It came time to attempt the test. We were required to do two laps of the course I described in my last post. Our total time for both laps had to fall under five minutes and 45 seconds.
After a couple of incomplete laps, I finally managed to complete one successfully. In order to pass the test, my next lap needed to also be successful, and come in under the time limit. Focusing hard and looking at each portion of the test as an individual challenge, I finished my second lap with no errors! My final time was five minutes and nine seconds.
Here is a video, taken from the passenger seat, of some skilled reverse slalom driving, forward slaloms, an acceleration to 40 mph, and threshold braking!
Before lunch, I headed out to a final road course with an instructor and two other students. We took turns driving on highway 26, including the looping ramp to exit 26W onto 217S. This was the perfect location to practice taking a curve at a consistent rate of speed, using the throttle to impact our steering more so than the steering wheel. Our instructor rode in the passenger seat and guided us through this practice.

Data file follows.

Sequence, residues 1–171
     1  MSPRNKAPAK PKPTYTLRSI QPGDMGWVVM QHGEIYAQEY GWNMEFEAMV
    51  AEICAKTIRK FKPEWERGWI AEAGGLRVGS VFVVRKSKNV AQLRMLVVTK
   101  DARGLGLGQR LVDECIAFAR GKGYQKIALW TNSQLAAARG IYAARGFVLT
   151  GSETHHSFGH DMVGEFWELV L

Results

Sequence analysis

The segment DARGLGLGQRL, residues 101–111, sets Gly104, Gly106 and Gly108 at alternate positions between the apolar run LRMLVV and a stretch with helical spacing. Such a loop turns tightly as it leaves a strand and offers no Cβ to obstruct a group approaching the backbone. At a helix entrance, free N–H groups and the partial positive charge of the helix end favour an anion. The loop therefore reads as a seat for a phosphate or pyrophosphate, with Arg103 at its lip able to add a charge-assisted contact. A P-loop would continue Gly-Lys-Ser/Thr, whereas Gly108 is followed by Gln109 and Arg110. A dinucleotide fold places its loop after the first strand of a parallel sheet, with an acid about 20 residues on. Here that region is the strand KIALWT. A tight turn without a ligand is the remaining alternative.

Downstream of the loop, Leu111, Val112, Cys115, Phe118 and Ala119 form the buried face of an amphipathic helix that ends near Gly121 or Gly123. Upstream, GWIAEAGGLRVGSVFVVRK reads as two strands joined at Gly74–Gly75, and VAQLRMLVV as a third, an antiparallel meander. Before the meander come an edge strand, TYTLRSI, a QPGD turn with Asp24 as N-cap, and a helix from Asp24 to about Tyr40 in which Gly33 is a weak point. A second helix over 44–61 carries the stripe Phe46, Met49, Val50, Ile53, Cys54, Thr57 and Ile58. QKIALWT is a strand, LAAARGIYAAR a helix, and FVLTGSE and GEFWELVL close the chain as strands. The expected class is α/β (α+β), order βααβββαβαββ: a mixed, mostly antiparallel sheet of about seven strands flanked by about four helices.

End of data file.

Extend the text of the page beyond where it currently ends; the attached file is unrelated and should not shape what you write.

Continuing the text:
When we returned to the track in the afternoon, instructors demonstrated our next course, which included a high-speed lane change and collision avoidance. The latter skill involved accelerating to 40 mph, threshold braking (that is, not allowing the anti-lock brake system to engage), and swerving to avoid an obstruction in our lane.
At one point while we were listening to an instructor’s directions, a bald eagle flew overhead. I had never seen one in Beaverton before, so this seemed like a symbol of good luck and courage!
We moved on to practicing our new techniques. The collision avoidance part of the course came easily to me, but the lane change was more difficult.
I tend to be a cautious individual, so the severe steering required to quickly move from a single lane into an adjacent one, and then back again to the first, at a minimum of 35 mph, was frightening. My brain felt as though I was going to spin the car out of control at that speed, so I consistently under-steered. This meant not getting into the correct lane quickly enough, thereby knocking over cones.